brendan at mozilla.com
Tue Mar 26 17:18:19 PDT 2013
Kenneth Russell wrote:
> On Tue, Mar 26, 2013 at 4:35 PM, David Herman<dherman at mozilla.com> wrote:
>> [breaking out a new thread since this is orthogonal to the NaN issue]
>> While the Khronos spec never specified an endianness, TC39 agreed in May 2012 to make the byte order explicitly little-endian in ES6:
>> The de facto reality is that there are essentially no big-endian browsers for developers to test on. Web content is being invited to introduce byte-order dependencies. DataView is usually held up as the counter-argument, as if the *existence* of a safe alternative API means no one will ever misuse the unsafe one. Even if we don't take into account human nature, Murphy's Law, and the fact that the web is the world's largest fuzz tester, a wholly rational developer may often prefer not to use DataView because it's still easier to read out bytes using [ ] notation instead of DataView methods.
>> I myself -- possibly the one person in the world who cares most about this issue! -- accidentally created a buggy app that wouldn't work on a big-endian system, because I had no way of testing it:
>> In summary: we already agreed on TC39 to close this loophole, it's the right thing to do, and concern about potential performance issues on non-existent browsers of non-existent systems should not trump portability and correctly executing existing web content.
> I am disappointed that this decision was made without input from both
> of the editors of the typed array spec and disagree with the statement
> that it is the right thing to do.
First, my apologies to Dave for forgetting the May decision. I was
looking in the wrong place for a record of that decision!
Second, I understand Ken's point of view (old SGI hacker here) but have
to question it on the grounds Dave raises: no one is testing, so there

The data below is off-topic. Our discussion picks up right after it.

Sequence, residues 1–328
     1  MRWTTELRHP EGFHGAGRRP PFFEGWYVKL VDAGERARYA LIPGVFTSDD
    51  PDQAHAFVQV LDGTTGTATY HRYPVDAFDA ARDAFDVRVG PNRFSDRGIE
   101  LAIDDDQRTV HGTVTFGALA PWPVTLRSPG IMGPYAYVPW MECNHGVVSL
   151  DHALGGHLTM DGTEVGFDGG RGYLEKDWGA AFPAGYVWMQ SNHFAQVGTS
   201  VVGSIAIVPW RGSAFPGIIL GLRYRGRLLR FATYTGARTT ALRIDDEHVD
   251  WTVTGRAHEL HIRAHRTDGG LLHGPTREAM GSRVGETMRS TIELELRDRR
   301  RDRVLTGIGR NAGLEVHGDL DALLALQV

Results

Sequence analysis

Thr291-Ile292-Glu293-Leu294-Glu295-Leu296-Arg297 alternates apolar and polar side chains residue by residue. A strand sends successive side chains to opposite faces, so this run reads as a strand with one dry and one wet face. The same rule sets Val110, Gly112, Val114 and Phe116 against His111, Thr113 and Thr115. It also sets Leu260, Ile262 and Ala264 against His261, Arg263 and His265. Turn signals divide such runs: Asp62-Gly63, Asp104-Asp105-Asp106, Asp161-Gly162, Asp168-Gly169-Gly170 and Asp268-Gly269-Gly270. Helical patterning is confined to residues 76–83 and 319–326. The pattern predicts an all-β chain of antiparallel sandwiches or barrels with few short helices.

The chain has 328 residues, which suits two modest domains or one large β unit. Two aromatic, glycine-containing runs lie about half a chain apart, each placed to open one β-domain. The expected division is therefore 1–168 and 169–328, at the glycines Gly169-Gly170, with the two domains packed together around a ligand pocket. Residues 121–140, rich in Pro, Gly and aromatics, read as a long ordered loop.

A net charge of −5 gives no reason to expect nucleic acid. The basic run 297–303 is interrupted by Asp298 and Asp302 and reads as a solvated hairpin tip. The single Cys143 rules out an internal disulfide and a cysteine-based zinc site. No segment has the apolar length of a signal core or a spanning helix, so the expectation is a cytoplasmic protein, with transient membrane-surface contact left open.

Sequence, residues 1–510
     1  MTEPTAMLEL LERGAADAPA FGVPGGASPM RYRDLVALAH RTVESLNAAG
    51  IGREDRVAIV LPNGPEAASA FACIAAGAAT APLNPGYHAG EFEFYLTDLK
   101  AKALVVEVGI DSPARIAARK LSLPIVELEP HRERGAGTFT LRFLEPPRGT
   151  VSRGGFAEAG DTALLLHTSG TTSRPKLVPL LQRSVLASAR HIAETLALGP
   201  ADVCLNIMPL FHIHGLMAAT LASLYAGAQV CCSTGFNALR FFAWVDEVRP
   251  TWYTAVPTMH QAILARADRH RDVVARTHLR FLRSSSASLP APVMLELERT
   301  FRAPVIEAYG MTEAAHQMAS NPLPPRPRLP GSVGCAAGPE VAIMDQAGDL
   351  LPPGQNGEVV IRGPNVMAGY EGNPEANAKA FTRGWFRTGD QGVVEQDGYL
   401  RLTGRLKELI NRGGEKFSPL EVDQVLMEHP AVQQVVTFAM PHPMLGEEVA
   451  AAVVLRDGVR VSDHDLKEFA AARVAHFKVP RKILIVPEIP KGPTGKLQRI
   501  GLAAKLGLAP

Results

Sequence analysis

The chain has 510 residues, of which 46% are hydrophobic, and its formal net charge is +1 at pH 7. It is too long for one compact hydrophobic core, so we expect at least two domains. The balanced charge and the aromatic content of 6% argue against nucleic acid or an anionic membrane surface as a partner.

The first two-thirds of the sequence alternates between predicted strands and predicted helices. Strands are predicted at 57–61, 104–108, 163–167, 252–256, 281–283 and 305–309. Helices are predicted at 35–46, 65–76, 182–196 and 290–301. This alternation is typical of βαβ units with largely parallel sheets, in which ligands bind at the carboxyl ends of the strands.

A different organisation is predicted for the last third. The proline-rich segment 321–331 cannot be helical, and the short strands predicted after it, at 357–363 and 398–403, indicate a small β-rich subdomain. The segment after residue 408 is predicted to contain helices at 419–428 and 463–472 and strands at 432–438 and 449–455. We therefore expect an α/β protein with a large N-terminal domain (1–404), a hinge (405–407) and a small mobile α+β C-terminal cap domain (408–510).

are very likely to be latent little-endian dependencies in deployed code
So why not codify this? Because it might penalize big-endian systems?
The IP protocols use big-endian byte order (owing to the pre-Intel
big-endian architectures of IMPs and early Internet machines) and so
penalize Intel machines, and we take the hit (and it's small on modern
Ken, a couple of questions:
1. Do you know of any big-endian systems with market share that host JS
implementations? It would be great to have a list.
2. Independent of the answer to (1), today's web browsers run on
little-endian systems and that has very likely created a de-facto
standard. If we codify it, we make the small to empty set of big-endian
systems pay a price. Why is this the wrong thing for typed arrays but
the right thing (in reverse! majority-architectures penalized) for the
IP protocol suite?
>> This was not the plan of record on TC39. The plan was to fix the semantics as little-endian.
>> On Mar 25, 2013, at 6:00 PM, Brendan Eich<brendan at mozilla.com> wrote:
>>> Right, thanks for the reminder. It all comes back now, including the "how to write correct ending-independent typed array code" bit.
>>> On Mar 25, 2013, at 4:33 PM, Kenneth Russell<kbr at google.com> wrote:
>>>> On Mon, Mar 25, 2013 at 4:23 PM, Brendan Eich<brendan at mozilla.com> wrote:
>>>>> Allen Wirfs-Brock wrote:
>>>>>> On Mar 25, 2013, at 4:05 PM, Brendan Eich wrote:
>>>>>>> Allen Wirfs-Brock wrote:
>>>>>>>> BTW, isn't cannonicalization of endian-ness for both integers and floats
>>>>>>>> a bigger interop issue than NaN cannonicalization? I know this was
>>>>>>>> discussed in the past, but it doesn't seem to be covered in the latest
>>>>>>>> Khronos spec. Was there ever a resolution as to whether or not TypedArray
>>>>>>>> [[Set]] operations need to use a cannonical endian-ness?
>>>>>>> Search for "byte order" at
>>>>>> I had already search for "endian" with similar results. It says that the
>>>>>> default for DataViews gets/sets that do not specify a byte order is
>>>>>> big-endean. It doesn't say anything (that I can find) about such accesses on
>>>>>> TypedArray gets/sets.
>>>>> Oh, odd -- I recall that it used to say little-endian. Typed arrays are LE
>>>>> to match dominant architectures, while DataViews are BE to match packed
>>>>> serialization use-cases.
>>>>> Ken, did something get edited out?
>>>> No. The typed array views (everything except DataView) have used the
>>>> host machine's endianness from day one by design -- although the typed
>>>> array spec does not state this explicitly. If desired, text can be
>>>> added to the specification to this effect. Any change in this behavior
>>>> will destroy the performance of APIs like WebGL and Web Audio on
>>>> big-endian architectures.
>>>> Correctly written code works identically on big-endian and
>>>> little-endian architectures. See
>>>> http://www.html5rocks.com/en/tutorials/webgl/typed_arrays/ for a
>>>> detailed description of the usage of the APIs.
>>>> DataView, which is designed for input/output, operates on data with a
>>>> specified endianness.
>>>> es-discuss mailing list
>>>> es-discuss at mozilla.org
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